Vienna, April 11 – The Tajiks of Moscow have established special Sunday schools and summer camps to help younger members of that community learn more about their own nationality and adapt better to other ethnic communities and officials in the Russian capital.
T.S. Kalandarov, a doctoral student at the Moscow Institute of Ethnology and Anthropology, has been studying this effort, and in articles posted on the Fergana.ru and Peoples of Russia websites, he provides a remarkable glimpse of what the Tajiks in Moscow are doing (http://www.narodru.ru/article8738.html).
The number of Tajiks in Moscow is a matter of dispute. The 2002 Russian Federation census listed 35,385, but their actual number in the Russian capital, both legal and illegal, is perhaps several times that, especially if residents of Moscow oblast as well as Moscow city are included.
If the exact size of that community is uncertain, Kalandarov notes, its main organization is anything but. Known as the Tajik Diaspora Organization Nur, it was officially registered with the authorities in 1999 and has been “actively involved” in training “those arriving from Tajikistan and the children of [earlier] migrants” ever since.
Nur has set up Sunday school programs for children aged 8 to 16 and for young people aged 17 to 25. These groups regularly attract up to 100 young Tajiks each week, the Moscow ethnographer said, with those attending learning not only about their own culture but about the sometimes tense culture of inter-ethnic relations in Moscow.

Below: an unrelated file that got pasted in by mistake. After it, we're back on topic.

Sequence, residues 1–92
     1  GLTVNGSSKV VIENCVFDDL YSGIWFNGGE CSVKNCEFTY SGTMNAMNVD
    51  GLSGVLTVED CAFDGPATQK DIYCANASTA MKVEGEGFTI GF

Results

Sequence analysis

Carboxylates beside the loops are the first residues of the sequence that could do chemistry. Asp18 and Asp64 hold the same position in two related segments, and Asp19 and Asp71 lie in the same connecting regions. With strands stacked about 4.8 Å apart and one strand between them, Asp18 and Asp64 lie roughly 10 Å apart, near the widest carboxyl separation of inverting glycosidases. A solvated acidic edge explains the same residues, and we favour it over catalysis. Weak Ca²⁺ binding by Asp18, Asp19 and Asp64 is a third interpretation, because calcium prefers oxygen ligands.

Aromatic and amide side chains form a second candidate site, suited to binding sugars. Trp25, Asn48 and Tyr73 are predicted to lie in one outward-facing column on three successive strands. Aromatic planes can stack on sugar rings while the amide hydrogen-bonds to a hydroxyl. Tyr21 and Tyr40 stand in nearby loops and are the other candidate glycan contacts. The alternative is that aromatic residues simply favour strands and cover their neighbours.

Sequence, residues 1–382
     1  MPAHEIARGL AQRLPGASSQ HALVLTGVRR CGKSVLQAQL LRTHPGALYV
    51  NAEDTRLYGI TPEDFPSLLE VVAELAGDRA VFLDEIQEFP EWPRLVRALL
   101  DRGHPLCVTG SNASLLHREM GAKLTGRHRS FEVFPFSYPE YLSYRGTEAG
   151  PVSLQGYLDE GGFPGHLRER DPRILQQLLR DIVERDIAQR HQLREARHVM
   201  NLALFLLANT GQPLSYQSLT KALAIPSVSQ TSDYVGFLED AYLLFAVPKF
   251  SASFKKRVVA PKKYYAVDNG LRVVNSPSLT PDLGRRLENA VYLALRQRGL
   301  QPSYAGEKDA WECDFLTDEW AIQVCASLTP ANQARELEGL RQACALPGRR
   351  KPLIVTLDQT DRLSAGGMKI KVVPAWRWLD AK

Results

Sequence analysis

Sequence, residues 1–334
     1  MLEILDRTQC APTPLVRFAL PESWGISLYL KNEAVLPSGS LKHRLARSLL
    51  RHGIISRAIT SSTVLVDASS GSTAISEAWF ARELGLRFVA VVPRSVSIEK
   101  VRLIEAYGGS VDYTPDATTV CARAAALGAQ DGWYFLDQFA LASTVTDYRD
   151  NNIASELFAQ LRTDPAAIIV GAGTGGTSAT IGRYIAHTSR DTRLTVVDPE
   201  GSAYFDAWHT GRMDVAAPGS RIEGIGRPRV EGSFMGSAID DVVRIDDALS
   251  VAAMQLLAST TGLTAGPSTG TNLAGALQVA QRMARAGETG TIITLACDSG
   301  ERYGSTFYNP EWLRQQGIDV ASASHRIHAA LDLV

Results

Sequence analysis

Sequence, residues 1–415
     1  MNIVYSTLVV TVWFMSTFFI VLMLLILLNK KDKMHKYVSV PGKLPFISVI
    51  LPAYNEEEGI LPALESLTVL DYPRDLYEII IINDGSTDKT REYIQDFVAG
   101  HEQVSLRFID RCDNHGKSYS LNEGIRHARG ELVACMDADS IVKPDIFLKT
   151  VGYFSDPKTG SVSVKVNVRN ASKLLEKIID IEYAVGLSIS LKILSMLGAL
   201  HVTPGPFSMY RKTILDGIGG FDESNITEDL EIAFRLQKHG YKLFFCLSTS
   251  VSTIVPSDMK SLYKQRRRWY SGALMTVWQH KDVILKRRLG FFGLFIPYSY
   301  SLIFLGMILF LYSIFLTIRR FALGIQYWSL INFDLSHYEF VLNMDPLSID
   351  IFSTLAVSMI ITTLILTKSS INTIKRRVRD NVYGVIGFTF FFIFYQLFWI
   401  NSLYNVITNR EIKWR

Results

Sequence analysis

The teachers are mostly Tajiks studying at Moscow’s higher educational institutions, and they give the lessons in Russian. That is because many young Tajiks in Moscow do not know any other language and because some Tajiks from the Pamir region do not speak standard Tajik.
One of the biggest challenges for young Tajiks in Moscow, Kalandarov reports, is their lack of ethnic Russian friends. Many of the Tajiks have been unable to find “a common language” with Russians even if they both speak the language of the dominant nationality.
The Sunday schools thus provide an important support mechanism for young Tajiks, giving them a chance to make friends and keep in touch with others from their homeland even as the instructors seek to promote their adaptation to the larger Russian society.
Because of the nature of these classes – similar to the weekend schools common in other immigrant societies -- the Tajik Sunday schools may ultimately play a very different linguistic, cultural and even political role for the Tajik community in the Russian capital than Kalandarov and Russian officials may assume or want.
In addition to these weekly classes, the Nur Organization has set up a two-week long camp every summer since 2004. At these sessions too, Kalandarov says, the stress is on “preserving one’s own national and cultural identity” as well as on “acclimatizing” to an ethnically and religiously different broader community.
Kalandarov is clearly quite taken with this effort, but he ends his article on a note of concern: such activities, he says, will not be able to “correct the situation with inter-ethnic relations in the Moscow megalopolis.” For that to happen, the Russian government will have to intervene, and at least some elements of Russian society will have to change.